FUCK YEAH NERVOUS SYSTEM “Your worst enemy, he reflected, was your nervous system. At any moment the tension inside you was liable to translate itself into some visible symptom.” Magnetic Mind Control How Does the Brain Work? PBS Airdate: September 14, 2011 NEIL DEGRASSE TYSON: Hi, I'm Neil deGrasse Tyson, your host for NOVA scienceNOW, where this season, we're asking six big questions. To find out, I head to Las Vegas, where brain researchers are placing their bets on magic. MAC KING (Magician): That's a dang real fish. NEIL DEGRASSE TYSON: Some of the world's top magicians... PENN JILLETTE (Magician): Place the ball... NEIL DEGRASSE TYSON: ...are making the mysteries behind our most powerful organ disappear... I saw it go over! The illusionists reveal their secrets That motion will draw the eye ...giving us new insight into how our brain pays attention. STEPHEN MACKNIK (Barrow Neurological Institute): This would be a major contribution to science from the magicians. NEIL DEGRASSE TYSON: Also, a magnetic wand ... MO ROCCA (Correspondent): Oh! NEIL DEGRASSE TYSON: ... that can control your body,... MO ROCCA: Ooh, wow! NEIL DEGRASSE TYSON: ...and your speech... Keep your eye on the ball, son.

With an Artificial Memory Chip, Rats Can Remember and Forget At the Touch of a Button A new brain implant tested on rats restored lost memories at the flick of a switch, heralding a possible treatment method for patients with Alzheimer's disease, stroke or amnesia. Such a "neural prosthesis" could someday be used to facilitate the memory-forming process and help patients remember. The device can mimic the brain's own neural signals, thereby serving as a surrogate for a piece of the brain associated with forming memories. In the study, scientists at Wake Forest University and the University of Southern California trained rats to learn a task, pressing one lever after another to receive water. The team attached electrodes to the rats' brains, connected to two areas in the hippocampus, called CA1 and CA3. "The rats still showed that they knew 'when you press left first, then press right next time, and vice-versa,'" Berger said. Then, the team made an artificial hippocampus, which could duplicate the normal neural signals between the CA1 and CA3 regions.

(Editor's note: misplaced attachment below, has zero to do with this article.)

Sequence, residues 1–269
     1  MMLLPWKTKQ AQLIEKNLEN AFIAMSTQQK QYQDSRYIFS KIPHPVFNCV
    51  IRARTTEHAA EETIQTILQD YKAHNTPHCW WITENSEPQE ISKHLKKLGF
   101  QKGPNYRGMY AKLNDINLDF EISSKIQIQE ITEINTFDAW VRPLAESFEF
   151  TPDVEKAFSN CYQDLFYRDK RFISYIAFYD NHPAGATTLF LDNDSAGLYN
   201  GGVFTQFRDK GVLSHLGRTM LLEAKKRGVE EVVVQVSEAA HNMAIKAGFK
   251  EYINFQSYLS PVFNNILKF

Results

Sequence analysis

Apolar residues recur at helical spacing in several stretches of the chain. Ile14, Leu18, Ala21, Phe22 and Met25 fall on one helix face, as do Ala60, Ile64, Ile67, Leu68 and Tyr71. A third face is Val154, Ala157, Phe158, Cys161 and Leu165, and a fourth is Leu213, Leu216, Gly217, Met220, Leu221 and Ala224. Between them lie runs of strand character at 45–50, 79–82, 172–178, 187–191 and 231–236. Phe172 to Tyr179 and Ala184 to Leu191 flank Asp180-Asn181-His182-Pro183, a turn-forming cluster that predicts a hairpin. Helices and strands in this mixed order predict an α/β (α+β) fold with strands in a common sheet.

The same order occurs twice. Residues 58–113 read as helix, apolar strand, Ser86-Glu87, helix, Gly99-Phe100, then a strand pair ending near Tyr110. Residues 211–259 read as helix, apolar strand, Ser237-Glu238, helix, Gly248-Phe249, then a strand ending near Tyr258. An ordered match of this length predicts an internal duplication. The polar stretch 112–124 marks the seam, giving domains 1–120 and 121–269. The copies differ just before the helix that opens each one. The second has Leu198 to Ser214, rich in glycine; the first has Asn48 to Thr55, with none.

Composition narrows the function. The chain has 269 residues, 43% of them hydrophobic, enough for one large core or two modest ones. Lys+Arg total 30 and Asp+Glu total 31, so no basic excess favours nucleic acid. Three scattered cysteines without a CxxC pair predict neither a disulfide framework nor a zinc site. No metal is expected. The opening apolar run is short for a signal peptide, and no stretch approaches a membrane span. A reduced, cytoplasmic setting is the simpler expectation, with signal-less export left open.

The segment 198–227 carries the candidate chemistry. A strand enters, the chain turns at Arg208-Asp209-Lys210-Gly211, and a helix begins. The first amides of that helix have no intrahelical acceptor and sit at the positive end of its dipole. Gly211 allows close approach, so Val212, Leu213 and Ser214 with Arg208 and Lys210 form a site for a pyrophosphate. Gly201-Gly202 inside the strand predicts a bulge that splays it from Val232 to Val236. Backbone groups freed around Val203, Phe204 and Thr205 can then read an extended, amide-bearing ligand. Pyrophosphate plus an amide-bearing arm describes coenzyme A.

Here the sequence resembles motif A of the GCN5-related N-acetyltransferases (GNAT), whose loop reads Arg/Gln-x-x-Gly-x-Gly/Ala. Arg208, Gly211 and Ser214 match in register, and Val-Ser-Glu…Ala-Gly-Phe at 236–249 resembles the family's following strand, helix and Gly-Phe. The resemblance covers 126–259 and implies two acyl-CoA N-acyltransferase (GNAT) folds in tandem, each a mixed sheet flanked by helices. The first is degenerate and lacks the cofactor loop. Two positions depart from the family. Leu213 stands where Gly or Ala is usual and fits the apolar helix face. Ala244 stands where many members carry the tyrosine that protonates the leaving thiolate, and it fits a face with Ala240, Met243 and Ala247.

Learn more quickly by transcranial magnetic brain stimulation, study in rats suggests What sounds like science fiction is actually possible: thanks to magnetic stimulation, the activity of certain brain nerve cells can be deliberately influenced. What happens in the brain in this context has been unclear up to now. Medical experts from Bochum under the leadership of Prof. Dr. The researchers have published their studies in the Journal of Neuroscience and in the European Journal of Neuroscience. Magnetic pulses stimulate the brain Transcranial magnetic stimulation (TMS) is a relatively new method of pain-free stimulation of cerebral nerve cells. Repeated stimuli change cerebral activity Since the mid-1990's, repetitive TMS has been used to make purposeful changes to the activability of nerve cells in the human cortex: "In general, the activity of the cells drops as a result of a low-frequency stimulation, i.e. with one magnetic pulse per second. Contact points between cells are strengthened or weakened Inhibitory cortical cells react particularly sensitive to stimulation